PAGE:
Lamont Anderson from the Idaho Attorney General's Office argued that a "miserable childhood" did not absolve Pizzuto of responsibility for what he had done.

"How does that excuse Pizzuto's complete lack of acceptance of responsibility or any showing of remorse from the time he committed murder through today?" he asked. "How can he be shown mercy when there simply is no remorse? What mercy was shown to the kidnapping and murder victims?" 

According to court records, Pizzuto was camping near Ruby Meadows in Idaho County with two other men when he came across the Herndons, who were prospecting in the area. Pizzuto entered their cabin, tied the pair up and beat them with a hammer, before stealing their belongings and bragging that he had “put those people to sleep, permanently.”  

James Rice, one of Pizzuto's companions who was not present during the attack, then shot a still-alive but mortally injured Del Herndon in the head. 

The double murder of the Herndons was not Pizzuto's first brush with violent crime, the attorney said.

Pizzuto's ex-wife testified in previous court hearings that he was brutally abusive to her during the marriage, knocking out her teeth, drowning her dog, and once attacking her so savagely while she was pregnant that she went into labor with a preterm baby, who did not survive. 

In May 1975, Pizzuto kidnapped and raped a woman at gunpoint in Michigan. He was convicted of the sexual assault and ultimately served nine years in prison, Anderson said, but absconded from parole after he was released and made his way to Seattle. 

There, he strangled to death 51-year-old Rita Drury, a woman he knew, in her home in March 1985, then shot 31-year-old John Jones to death weeks later. Before police could close in on him, he made his way to Idaho, where he encountered, robbed, and killed the Herndons in July. 

Just days after the double murder, Pizzuto pulled a gun on another man he had met at Gold Fork Hot Springs, robbed him, and left him tied to a tree.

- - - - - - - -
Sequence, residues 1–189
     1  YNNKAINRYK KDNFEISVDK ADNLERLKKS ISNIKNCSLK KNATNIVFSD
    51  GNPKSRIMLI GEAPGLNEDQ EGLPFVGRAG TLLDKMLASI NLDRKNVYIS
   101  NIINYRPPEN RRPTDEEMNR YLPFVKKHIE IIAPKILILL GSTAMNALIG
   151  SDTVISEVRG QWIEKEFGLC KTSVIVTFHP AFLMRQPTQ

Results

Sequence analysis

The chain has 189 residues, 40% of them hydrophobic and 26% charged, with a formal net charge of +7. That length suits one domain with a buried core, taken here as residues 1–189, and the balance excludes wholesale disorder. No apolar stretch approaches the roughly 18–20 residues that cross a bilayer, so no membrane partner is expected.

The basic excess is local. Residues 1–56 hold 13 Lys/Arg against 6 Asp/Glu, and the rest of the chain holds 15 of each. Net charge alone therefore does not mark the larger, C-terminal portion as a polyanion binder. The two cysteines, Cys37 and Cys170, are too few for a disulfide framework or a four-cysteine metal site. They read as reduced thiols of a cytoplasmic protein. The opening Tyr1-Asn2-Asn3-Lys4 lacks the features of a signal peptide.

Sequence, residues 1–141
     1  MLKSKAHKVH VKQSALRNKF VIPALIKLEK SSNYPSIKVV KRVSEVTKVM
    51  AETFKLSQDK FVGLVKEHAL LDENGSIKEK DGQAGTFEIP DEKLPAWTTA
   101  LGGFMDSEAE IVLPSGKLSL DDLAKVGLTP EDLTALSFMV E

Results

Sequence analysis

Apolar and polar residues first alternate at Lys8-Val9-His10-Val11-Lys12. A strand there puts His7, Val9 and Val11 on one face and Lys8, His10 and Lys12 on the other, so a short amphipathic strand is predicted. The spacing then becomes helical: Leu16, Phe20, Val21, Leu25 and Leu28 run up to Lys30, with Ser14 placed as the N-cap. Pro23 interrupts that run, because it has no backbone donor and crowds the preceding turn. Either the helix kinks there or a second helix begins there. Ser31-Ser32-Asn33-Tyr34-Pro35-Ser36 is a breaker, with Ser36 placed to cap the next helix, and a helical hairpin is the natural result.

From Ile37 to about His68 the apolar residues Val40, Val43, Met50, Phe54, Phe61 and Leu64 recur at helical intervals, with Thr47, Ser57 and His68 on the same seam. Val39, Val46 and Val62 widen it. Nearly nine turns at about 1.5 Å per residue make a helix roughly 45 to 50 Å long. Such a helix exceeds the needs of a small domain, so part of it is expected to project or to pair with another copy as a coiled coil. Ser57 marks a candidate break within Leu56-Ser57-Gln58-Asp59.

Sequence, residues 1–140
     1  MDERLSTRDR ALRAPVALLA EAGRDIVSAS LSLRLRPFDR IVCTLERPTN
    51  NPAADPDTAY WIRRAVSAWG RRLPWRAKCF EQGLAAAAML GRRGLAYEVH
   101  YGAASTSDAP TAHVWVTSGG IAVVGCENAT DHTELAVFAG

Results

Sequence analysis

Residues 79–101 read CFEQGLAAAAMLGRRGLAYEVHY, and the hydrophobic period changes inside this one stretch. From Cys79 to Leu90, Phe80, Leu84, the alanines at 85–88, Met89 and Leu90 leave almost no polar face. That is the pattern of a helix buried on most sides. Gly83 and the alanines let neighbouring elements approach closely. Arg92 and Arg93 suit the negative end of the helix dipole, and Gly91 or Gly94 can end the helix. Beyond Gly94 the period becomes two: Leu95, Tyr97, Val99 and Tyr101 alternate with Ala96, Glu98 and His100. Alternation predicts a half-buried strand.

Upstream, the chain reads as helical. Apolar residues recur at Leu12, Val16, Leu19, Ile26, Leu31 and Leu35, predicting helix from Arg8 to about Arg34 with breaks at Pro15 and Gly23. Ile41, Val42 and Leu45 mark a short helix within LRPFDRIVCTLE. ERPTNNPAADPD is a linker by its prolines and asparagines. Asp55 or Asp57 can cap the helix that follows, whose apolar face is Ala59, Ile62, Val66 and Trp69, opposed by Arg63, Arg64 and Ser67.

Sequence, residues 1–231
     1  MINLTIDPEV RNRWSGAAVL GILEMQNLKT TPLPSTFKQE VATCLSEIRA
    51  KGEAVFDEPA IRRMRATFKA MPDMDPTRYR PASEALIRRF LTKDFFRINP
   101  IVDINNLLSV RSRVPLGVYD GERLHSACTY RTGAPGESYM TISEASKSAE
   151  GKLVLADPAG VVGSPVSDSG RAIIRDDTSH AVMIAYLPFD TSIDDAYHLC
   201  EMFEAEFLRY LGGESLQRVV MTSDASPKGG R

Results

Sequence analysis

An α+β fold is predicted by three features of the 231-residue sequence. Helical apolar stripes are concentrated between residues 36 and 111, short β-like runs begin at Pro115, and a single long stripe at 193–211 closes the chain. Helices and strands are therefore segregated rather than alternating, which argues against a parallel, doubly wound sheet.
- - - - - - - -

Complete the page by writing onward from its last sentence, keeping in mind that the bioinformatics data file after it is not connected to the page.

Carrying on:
Anderson said Pizzuto "has received more due process than any other death-sentence murderer in Idaho," with his case being taken up multiple times before the Idaho Supreme Court and 9th Circuit Court.

Reject the clemency appeal, he urged board members, and let Gerald Pizzuto die the way he deserves.

"Keep in mind that Rita, John, Del, and Berta were not permitted to die naturally," he said. "Their lives were terminated by a vicious murderer, an evil and vile man with no conscience." 

Judy Gonzalski, Berta's daughter, described her as a devoted mother and grandmother who was always ready to lend a listening ear. 

After decades of watching the case drag on, she said, it's appalling that a commutation was even being considered.

"It's just so hard to believe that I have outlived her. It's just unacceptable to me," Gonzalski said. "Now I'm 64, and justice has not been carried out." 

In an at-times rambling statement to the board, Pizzuto alternately said that he did not commit the murders, that he deeply regretted them, and that he did not expect the victims' forgiveness for what he had done. 

"I don't want to sound like I am kissing ass, because I'm not. I would let them know, off the top, I'm so damn sorry," he said. "This shouldn't have happened. It's a bad dream that won't quit."

Pizzuto told board members that he had gotten baptized behind bars and tried to keep himself out of trouble. He has watched himself turn into an old man in the last 36 years, he said, and is not the same person who entered prison decades ago.

"I'm dying from cancer. I look at this and I see, OK, I'm being punished," he said. "The Lord gave me a very slow death."

Executing him now, at the advanced state of his disease, would be a waste of money, Pizzuto argued, asking the board to commute his death sentence and give him a chance to prove himself. 

But the deputy attorney general argued he had already had enough chances. 

"What has Gerald Pizzuto done to deserve mercy?" Anderson asked. "Absolutely nothing."

The board adjourned for the evening without making a decision, then returned and went straight into executive session Wednesday morning. The parole board's clemency decision has not yet been announced.